The spread debate has been a favorite topic among investors and traders alike. There has been little to alleviate the tightening bias but last week's pricing on the Permanent Financing deal could signal investors' unwillingness to go down the tight path again.
Last week, Halifax PLC was marketing its ninth securitization under its Permanent Financing master trust. Credit Suisse First Boston, JPMorgan Securities and Banc of America Securities were the leads on the GBP4.18 billion ($7.3 billion) deal
Analysts at Dresdner Kleinwort Wasserstein said that this latest benchmark RMBS deal met with some market resistance. While the deal's subordinate tranches were well oversubscribed, the senior tranches were selling a little slower.
The last Permanent deal, which was issued around the same time last year, priced its triple-A euro piece at seven basis points - this signaled a turning point in the market where spreads reached record tights.
In the latest deal, the triple-A euro-denominated piece was not massively oversubscribed. Market analysts said investors might have exhibited caution as a way to widen spreads. "With absolute spread levels tight, and the new issuance pipeline on the increase, recent [book build progress] may suggest that, where possible, investors are scaling back their order sizes with the view to waiting until market conditions are more favorable again," said Alan Packman at DrKW.
Packman added that, as they have now witnessed several supply cycles since the market hit critical mass two years ago, investors generally appear to be handling the cyclical nature of ABS supply patterns more effectively.
Julien Mareschal at BNP Paribas said that the market largely expected the Permanent deal to come in at 10 basis points, even though it finally priced at 11 basis points for both the sterling and euro tranches. Although not wide - price talk on the deal was at 10 to 11 basis points - the spread levels signaled a weakening in the market.
Mareschal said that the market, in general, experienced a half basis point of weakening. "The European Central Bank raising rates hurts the trading industry," he said. "Players have no interest to hold bonds but then the market comes back and I think the market is already showing signs of stabilizing. I don't see it going any wider, I see it headed for tighter levels with the growing investor base." He added that the current Permanent deal was already exhibiting better secondary market performance compared to the last one.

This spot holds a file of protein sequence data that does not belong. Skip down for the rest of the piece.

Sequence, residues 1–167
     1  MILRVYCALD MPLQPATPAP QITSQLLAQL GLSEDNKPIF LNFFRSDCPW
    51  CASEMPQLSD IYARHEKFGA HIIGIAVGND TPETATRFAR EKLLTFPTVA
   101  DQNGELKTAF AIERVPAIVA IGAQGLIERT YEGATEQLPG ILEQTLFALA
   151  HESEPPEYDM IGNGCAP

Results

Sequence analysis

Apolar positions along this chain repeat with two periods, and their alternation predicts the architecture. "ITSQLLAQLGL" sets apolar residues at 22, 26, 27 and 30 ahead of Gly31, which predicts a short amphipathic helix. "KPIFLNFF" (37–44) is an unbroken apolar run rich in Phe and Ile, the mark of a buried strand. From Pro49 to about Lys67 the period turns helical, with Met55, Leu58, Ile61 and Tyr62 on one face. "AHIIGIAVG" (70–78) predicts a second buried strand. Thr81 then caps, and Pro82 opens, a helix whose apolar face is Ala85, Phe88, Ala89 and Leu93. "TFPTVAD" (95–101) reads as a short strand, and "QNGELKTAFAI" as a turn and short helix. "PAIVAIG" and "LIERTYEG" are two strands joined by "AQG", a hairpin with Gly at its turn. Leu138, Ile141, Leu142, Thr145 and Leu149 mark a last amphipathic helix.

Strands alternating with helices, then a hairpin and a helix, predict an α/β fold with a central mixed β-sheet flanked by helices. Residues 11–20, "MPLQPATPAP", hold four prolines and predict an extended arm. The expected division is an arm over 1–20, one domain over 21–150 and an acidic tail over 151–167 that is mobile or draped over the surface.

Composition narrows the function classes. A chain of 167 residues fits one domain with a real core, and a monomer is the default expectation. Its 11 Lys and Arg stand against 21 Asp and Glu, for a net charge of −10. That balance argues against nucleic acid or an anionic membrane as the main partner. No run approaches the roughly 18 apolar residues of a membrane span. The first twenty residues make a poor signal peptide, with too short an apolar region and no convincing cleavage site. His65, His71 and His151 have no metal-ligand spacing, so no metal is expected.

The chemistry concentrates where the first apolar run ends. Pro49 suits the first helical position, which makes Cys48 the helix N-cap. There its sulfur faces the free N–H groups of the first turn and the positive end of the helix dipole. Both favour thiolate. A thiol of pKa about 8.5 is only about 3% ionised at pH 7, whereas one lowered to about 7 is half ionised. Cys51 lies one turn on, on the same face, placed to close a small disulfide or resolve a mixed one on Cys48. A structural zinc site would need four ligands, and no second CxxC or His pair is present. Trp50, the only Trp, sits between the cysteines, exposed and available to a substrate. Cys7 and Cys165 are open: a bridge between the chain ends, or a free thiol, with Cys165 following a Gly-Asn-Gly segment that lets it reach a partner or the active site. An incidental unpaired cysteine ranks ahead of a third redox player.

Analysts at Barclays Capital reviewed the factors that have affected trends in the past and found that the correlation between corporate and primary ABS spreads could increase as the European investor base broadens to include buysiders simultaneously involved in both sectors.
Another factor that could be driving pricing spreads is the issuance currency. Analysts found that, in general, U.S. dollar denominated deals usually price at tighter levels compared to sterling- or euro-denominated pieces.
"On average, the dollar denominated bonds, across all ratings categories, priced 20 basis points tighter than euro or sterling denominated bonds," wrote Paul Geertsema at Barclays in a report looking at primary spreads in European ABS from 2000 to 2005.
Sterling- and euro-denominated issues showed similar average primary spreads. However, in certain asset classes, euro-denominated issues tended to price tighter than sterling-based ones.
"The limited supply of euro-denominated CMBS paper led to tighter spreads relative to sterling-denominated CMBS in 2005," explained Hans Vrensen at Barclays. "This may be due to a number of European investors being restricted from investing outside euro-denominated bonds."
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